Kidney added that people bidding aggressively for contracts is not unique to India and this is the nature of a competitive economy. If some of the deals fall over due to “foolish pricing” then the Indian government will learn how to improve its auctions going forward.

Kidney said: “It can frighten people – no doubt about it – but that doesn’t mean that you are not getting massive scale developments happening every day in India.”

He also said that the rupee depreciation remains a concern for all stakeholders, yet capital is still moving.

Avoiding Non-Performing Assets

Saif said: “Luckily the banks have adequate expertise to evaluate solar projects and have taken a more rational route by not financing some of these unviable projects, so at least we don’t see a situation of Non-Performing Assets (NPAs) happening in the future.”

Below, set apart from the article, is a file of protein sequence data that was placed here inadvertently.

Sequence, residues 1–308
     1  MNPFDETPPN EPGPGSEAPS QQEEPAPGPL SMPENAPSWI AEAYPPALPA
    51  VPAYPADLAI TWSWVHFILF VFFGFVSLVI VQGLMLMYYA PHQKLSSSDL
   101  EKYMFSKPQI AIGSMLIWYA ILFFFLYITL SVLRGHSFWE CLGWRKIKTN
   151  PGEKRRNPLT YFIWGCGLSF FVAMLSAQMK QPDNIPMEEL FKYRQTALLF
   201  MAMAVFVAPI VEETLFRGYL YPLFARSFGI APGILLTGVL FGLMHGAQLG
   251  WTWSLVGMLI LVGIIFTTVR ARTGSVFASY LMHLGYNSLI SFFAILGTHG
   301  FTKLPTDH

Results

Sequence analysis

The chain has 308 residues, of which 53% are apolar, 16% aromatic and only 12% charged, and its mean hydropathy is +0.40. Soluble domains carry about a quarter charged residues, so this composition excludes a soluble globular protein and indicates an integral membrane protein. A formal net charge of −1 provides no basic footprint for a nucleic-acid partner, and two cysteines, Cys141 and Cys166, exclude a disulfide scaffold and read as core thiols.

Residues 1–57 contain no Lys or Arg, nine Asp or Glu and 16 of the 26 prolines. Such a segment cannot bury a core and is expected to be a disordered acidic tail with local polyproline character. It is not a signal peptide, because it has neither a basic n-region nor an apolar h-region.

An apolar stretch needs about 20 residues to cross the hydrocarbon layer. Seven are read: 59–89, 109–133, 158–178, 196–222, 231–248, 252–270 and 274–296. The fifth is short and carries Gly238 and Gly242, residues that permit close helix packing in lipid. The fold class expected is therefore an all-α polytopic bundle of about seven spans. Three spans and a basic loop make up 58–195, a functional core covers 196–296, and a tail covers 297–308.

For example, NPAs would come about if some of these projects at INR4.30-4.40/kWh got financed by the banks, became operational and then failed to generate enough cash flow to repay the loans.

In any case, Bridge to India said it believes that over the coming year, a significant number of projects are likely to get delayed or cancelled and tariffs may either stabilize or even rise marginally from current levels, echoing Saif’s comments that there will still be some amount of short-term pain for developers by way of their bank guarantees.

This comes just a few days after a Dilip Nigam, Solar Mission, at the Ministry of New and Renewable Energy (MNRE), told PV Tech that the government is “very confident” that it will reach its 12GW deployment target for the financial year 2016/17. Meanwhile, Tarun Kapoor, MNRE joint secretary has also said that SunEdison’s troubles would only have a small impact on India’s overall solar deployment targets and any incomplete PV projects would be retendered immediately.

Kidney said progress will come in jagged lines, adding: “The Indian economy in five years is going to be such a large slice of the global economy that institutional investors cannot afford not to be exposed just for diversification reasons, so the tides of history are in our favour.”